Cryptomixers are services designed to increase the anonymity of cryptocurrency transactions. They work as a user sends his cryptocurrency to the mixer's address, then he uses that cryptocurrency to combine it with other users' cryptocurrency. The mixer then sends the mixed cryptocurrency to a new crypto wallet, usually with a small fee deducted for the service. As blockchain tracking technologies are advancing extremely fast, for a crypto mixer to be successful, it must have as many transactions as possible.
Sinbad is a relatively new bitcoin mixer that began advertising its services on the BitCointalk forum in October 2022. A blockchain investigation revealed that hackers linked to North Korea were using it to launder some of the crypto stolen from the Axie Infinity hack. Between December 2022 and January 2023, hackers linked to North Korea sent a total of 1,430 bitcoins worth approximately $24.2 million to the mixer. Last year we witnessed the first-ever seizure of funds stolen by hackers linked to North Korea, when US agents recovered $30 million worth of crypto stolen from the Axie Infinity blockchain game hack, Chainalysis also points out in its analysis.
How to protect your funds from crypto hacks?
No matter what you do, you cannot be 100% sure that your crypto funds will never be stolen one way or another. But if you follow certain rules, the chance of losing your funds is reduced to an absolute minimum. Let’s start with some of the security basics:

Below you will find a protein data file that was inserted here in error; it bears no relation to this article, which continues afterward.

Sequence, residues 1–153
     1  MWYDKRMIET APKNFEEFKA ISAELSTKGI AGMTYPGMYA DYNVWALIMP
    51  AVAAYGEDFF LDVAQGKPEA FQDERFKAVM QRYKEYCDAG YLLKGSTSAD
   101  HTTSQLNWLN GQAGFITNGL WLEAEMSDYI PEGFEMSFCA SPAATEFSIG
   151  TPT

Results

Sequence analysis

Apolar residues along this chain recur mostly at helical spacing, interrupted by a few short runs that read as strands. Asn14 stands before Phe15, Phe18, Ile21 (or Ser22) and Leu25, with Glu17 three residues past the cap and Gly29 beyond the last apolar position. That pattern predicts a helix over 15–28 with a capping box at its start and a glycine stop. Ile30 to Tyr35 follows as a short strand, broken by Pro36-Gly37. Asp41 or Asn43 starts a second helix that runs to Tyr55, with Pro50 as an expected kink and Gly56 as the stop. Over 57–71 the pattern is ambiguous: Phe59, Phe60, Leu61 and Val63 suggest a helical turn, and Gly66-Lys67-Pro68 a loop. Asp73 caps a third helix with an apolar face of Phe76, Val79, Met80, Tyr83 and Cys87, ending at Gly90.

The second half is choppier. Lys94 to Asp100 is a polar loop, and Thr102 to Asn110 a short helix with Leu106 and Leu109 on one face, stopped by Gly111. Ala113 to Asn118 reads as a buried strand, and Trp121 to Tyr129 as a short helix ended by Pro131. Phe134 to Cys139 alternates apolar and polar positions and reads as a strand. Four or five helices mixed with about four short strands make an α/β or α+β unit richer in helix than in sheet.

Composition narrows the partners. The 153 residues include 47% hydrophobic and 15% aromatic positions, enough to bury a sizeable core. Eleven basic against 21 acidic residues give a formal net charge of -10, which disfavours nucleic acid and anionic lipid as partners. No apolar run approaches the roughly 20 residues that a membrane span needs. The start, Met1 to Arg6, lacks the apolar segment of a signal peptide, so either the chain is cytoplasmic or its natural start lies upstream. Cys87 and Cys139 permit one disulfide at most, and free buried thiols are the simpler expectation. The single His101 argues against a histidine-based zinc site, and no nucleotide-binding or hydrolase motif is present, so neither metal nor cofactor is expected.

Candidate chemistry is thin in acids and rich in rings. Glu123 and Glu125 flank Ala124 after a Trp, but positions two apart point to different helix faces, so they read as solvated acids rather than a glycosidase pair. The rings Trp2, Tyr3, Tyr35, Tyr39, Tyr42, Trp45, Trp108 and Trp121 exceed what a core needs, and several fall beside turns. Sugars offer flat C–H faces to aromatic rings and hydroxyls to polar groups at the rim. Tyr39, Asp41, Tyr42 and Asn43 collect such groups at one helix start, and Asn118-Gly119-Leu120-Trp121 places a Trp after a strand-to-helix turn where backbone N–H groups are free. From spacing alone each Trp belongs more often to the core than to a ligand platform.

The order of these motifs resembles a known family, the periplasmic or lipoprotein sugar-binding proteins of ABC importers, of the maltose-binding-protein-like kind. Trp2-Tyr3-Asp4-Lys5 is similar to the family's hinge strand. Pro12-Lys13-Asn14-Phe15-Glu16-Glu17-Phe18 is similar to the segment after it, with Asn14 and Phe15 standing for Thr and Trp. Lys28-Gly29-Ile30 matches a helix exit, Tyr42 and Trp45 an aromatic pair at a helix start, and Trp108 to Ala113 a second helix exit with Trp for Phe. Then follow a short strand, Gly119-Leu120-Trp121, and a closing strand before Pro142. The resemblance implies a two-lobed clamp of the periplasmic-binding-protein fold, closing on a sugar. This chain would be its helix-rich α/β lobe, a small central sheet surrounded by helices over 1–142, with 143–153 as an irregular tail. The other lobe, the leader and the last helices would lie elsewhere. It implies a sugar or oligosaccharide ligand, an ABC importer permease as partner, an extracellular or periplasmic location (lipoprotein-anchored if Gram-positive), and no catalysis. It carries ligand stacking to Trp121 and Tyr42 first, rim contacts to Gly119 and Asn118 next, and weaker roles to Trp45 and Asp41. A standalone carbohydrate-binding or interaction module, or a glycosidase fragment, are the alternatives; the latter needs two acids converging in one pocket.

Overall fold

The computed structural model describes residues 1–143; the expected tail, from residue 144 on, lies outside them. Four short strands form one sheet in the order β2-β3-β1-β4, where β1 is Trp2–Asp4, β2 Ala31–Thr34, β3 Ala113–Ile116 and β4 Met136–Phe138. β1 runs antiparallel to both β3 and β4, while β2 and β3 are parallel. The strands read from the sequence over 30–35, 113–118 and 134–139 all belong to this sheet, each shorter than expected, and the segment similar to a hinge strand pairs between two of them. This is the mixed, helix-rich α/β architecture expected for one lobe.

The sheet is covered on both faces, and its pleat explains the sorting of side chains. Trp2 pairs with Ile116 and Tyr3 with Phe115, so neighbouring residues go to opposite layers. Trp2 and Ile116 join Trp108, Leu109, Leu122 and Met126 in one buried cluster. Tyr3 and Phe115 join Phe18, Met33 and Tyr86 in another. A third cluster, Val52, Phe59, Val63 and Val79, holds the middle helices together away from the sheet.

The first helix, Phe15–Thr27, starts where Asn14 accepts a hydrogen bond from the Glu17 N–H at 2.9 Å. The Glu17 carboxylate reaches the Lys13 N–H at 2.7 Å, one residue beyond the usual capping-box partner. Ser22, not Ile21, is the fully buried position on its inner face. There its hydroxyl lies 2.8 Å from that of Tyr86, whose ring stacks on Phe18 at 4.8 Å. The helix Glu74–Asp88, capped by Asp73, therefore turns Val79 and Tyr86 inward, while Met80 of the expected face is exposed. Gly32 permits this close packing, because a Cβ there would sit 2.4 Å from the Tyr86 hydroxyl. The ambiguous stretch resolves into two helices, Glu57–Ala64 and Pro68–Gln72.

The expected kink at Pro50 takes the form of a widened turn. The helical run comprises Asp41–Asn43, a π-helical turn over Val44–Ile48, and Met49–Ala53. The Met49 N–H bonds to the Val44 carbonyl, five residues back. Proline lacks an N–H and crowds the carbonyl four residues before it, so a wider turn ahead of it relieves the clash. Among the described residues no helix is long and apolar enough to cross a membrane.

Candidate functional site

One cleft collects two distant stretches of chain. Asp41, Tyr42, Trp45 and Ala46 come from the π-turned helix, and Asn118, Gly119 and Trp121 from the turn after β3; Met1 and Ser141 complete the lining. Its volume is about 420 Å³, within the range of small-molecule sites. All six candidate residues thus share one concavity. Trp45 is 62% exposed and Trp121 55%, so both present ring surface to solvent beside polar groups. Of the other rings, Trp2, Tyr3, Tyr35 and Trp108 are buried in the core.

- Use as few centralized exchanges and other centralized players as possible and rather use DeFi projects.
- Still, you would need to have an account in a centralized exchange in order to buy crypto with fiat. Make your password as hard to break as possible, and add all possible security methods like 2FA, and others.
- If you don't intend to actively trade it, don't keep your cryptocurrency on a centralized exchange.
- Protect your "seed phrase," a sequence of words that enables a user to access all assets in a crypto wallet. Newcomers to crypto are frequently fooled to put their seed word phrase into what they believe to be a legit website, but which is actually a fake phishing copy of the original site.
- While making cryptocurrency transactions, use a Virtual Private Network (VPN) to encrypt your payment information.
What are the risks in DeFi projects?
Those that are maximally decentralized carry smart contract risk. That is, hackers could find a possible loophole in the code that they could use to siphon the funds of users who are on the protocol. When choosing a DeFi project to invest in, be sure to DYOR and check:
- Who are the people behind the project? What are their reputation and past experience? Are they public figures or are they hidden behind pseudonyms?
- How long has a protocol been in operation? The longer, the better chance he has of being safe.
- Are there any audits and if so by which auditors? Some of the auditors have a much better reputation than others.
- Do they have detailed User Docs? In which you can find details about how the protocol works. What are the protocol data/statistics? You can use tools like DeFi Llama, Token Terminal, Etherscan, and others to make sure everything looks okay.